4 - Develop a pros and cons list for each offer.
Having multiple offers at once is exciting and flattering and sometimes overwhelming. The best way to review offers is to create a decision matrix listing what each offer has and assigning value to each point. Factors outside of compensation that have impact on the decision may be benefits, stress level, reporting structure, projects under way, advancement opportunity, work life balance, commuting time, flexibility, etc. It is often the "soft" factors that sway your decision to take one over the other.
5 - Be professional.
Far too often, candidates that are in demand become arrogant when they receive multiple requests for interviews and then receive multiple offers. Candidates sometimes exhibit negative behaviour such as dishonesty and game playing. I agree that people must look out for themselves but there is a fine line between this point and being self-centered. Candidates should take into consideration the repercussions their actions will have on the potential employer they "game" and their career. Even though they may not end up with that firm, a client will remember how a candidate treated them and stories of unprofessional behaviour tend to get passed around, especially in a small community such as IT. Like candidates, hiring managers move from company to company, and they have a long memory, especially of those people who were high handed and unprofessional in a hiring process. Please be professional and keep all parties informed of where you are in the decision process. Honesty goes along way. So does professionalism.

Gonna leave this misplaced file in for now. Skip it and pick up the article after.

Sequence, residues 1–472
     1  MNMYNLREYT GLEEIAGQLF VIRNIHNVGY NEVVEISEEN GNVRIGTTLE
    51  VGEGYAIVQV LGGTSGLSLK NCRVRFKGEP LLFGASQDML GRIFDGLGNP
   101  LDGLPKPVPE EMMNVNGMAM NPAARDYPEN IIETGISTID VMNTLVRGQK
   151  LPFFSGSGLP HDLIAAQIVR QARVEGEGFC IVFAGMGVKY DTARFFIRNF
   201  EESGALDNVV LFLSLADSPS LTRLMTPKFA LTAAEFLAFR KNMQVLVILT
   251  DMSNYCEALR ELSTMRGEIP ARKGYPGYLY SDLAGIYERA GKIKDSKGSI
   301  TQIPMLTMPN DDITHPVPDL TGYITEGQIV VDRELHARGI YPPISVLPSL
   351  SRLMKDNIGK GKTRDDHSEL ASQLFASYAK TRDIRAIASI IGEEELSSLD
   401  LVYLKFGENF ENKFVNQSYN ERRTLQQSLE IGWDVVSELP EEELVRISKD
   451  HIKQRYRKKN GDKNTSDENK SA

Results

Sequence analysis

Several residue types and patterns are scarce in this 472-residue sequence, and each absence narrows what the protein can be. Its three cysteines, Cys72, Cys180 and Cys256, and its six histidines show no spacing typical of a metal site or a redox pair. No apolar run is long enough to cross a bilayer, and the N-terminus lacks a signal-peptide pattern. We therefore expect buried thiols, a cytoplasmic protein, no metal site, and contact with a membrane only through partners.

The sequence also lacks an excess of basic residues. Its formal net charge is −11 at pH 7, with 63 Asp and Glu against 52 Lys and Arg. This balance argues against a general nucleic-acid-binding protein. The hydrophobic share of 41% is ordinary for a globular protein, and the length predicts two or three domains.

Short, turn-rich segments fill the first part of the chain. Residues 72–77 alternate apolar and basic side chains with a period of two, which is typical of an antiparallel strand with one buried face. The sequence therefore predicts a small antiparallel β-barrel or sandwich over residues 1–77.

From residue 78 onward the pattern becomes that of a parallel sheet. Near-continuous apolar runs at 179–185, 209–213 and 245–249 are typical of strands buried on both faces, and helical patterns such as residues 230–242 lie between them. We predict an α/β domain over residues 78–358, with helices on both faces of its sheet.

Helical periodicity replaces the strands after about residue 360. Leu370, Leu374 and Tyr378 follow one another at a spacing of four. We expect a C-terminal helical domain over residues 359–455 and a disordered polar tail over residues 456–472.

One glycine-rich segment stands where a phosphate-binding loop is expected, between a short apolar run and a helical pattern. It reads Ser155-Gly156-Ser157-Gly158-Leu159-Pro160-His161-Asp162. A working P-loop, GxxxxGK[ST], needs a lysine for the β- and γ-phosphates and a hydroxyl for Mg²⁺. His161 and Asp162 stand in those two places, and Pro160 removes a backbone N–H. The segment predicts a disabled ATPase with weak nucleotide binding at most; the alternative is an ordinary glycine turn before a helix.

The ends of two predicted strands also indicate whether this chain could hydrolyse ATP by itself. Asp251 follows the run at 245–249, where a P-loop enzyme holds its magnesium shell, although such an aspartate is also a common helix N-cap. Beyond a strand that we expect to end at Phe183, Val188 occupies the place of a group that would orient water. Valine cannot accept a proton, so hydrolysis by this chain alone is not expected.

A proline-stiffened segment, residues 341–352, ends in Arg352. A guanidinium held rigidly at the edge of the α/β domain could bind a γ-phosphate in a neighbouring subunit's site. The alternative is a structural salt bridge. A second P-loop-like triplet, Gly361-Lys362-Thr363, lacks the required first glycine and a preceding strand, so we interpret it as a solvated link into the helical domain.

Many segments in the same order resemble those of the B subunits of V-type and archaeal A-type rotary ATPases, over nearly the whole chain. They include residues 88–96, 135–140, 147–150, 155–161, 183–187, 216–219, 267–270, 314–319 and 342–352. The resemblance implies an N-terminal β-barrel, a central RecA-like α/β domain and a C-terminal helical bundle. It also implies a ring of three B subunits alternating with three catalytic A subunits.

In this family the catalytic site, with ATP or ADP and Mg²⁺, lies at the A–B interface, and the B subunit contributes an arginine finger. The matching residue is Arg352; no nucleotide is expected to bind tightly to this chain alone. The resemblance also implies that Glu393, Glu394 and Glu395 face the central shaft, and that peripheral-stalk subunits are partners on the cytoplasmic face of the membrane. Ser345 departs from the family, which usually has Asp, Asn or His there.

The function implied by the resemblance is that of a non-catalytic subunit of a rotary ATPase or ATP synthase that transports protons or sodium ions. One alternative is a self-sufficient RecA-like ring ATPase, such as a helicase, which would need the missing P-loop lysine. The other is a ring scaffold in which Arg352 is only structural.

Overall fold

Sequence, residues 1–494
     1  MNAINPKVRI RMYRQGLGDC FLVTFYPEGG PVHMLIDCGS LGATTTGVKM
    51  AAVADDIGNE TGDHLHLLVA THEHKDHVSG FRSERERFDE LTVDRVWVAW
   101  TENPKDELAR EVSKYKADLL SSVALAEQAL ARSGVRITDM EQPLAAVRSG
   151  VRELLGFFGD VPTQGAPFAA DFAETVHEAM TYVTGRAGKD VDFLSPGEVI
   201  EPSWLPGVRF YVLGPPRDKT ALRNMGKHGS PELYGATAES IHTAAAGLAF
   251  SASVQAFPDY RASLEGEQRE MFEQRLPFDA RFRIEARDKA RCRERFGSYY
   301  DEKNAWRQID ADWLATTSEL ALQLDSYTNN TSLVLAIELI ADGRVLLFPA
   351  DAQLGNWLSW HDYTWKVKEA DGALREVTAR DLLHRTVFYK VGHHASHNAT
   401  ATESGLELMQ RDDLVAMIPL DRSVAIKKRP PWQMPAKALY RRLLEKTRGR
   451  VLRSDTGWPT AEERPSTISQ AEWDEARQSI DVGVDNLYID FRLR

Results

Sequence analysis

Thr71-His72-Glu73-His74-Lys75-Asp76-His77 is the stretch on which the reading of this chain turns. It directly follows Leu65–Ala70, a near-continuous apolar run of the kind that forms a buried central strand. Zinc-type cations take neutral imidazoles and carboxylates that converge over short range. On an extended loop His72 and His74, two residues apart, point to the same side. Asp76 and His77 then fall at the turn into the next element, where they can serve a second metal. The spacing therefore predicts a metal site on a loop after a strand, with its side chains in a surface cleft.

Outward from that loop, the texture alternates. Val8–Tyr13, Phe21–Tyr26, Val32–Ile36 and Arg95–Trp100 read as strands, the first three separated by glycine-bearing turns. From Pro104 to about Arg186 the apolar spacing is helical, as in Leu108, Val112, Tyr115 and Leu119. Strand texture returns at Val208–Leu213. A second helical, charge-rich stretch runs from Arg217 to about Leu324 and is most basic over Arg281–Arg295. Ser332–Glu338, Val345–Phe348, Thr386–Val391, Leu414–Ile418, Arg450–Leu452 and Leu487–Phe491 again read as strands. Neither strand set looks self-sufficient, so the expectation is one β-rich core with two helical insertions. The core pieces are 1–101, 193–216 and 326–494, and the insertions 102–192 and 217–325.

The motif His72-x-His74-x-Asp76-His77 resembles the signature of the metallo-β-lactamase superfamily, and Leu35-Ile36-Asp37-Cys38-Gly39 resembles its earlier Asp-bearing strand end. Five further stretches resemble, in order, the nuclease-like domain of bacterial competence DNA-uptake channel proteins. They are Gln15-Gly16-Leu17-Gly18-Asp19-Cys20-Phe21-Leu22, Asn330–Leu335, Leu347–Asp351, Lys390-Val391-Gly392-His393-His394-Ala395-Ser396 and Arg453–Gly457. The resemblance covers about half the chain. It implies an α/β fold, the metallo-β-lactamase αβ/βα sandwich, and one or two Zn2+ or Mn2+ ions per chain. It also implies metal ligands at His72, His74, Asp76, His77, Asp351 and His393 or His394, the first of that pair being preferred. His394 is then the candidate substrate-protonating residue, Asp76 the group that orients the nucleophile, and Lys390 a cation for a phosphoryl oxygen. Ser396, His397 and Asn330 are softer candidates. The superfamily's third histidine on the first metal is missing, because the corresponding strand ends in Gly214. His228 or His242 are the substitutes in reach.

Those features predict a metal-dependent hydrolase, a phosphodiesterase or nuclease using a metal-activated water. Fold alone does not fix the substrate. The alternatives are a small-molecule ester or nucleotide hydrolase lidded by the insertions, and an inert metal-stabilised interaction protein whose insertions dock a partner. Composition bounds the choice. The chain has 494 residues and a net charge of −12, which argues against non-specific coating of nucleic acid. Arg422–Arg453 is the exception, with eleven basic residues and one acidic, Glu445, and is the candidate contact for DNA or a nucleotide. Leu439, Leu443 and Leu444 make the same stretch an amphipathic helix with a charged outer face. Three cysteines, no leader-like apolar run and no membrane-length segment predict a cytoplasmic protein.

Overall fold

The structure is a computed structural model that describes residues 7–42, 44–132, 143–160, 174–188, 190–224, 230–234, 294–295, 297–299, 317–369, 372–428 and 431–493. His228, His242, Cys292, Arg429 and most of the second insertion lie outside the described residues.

6 - Once an offer has been accepted
Once an offer has been accepted, remove yourself from consideration. Notify the other would-be employers of your final decision immediately . Be professional. Don't be that candidate who takes the first offer they receive, knowing they have other offers coming, only to start one day and quit the next week. Send a round of sincere thank yous to all involved, from the agency, to the HR team to the hiring manager. Depending on your industry and skillset, as your skills continue to increase and the looming skills gap in the IT sector grows, multiple job offers may be more frequent for you in the future. While this is exciting and also tends to lead to higher pay rates, it's equally important to think of the long-term effects of your actions. Remember to continue to act ethically and be aware of the many stakeholders involved in your hiring process. The more respectful you are to them now, the more respectful they will be to you down the road.